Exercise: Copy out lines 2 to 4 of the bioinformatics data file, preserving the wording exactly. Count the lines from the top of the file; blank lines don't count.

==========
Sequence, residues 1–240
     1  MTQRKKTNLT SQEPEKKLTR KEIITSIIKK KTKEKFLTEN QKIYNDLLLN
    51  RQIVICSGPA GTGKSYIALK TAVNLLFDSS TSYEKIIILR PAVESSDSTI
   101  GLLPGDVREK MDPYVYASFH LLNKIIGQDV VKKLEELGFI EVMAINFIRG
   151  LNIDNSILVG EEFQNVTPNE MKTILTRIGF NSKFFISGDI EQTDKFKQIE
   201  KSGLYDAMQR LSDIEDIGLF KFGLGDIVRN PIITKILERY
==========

     1  MTQRKKTNLT SQEPEKKLTR KEIITSIIKK KTKEKFLTEN QKIYNDLLLN
    51  RQIVICSGPA GTGKSYIALK TAVNLLFDSS TSYEKIIILR PAVESSDSTI
   101  GLLPGDVREK MDPYVYASFH LLNKIIGQDV VKKLEELGFI EVMAINFIRG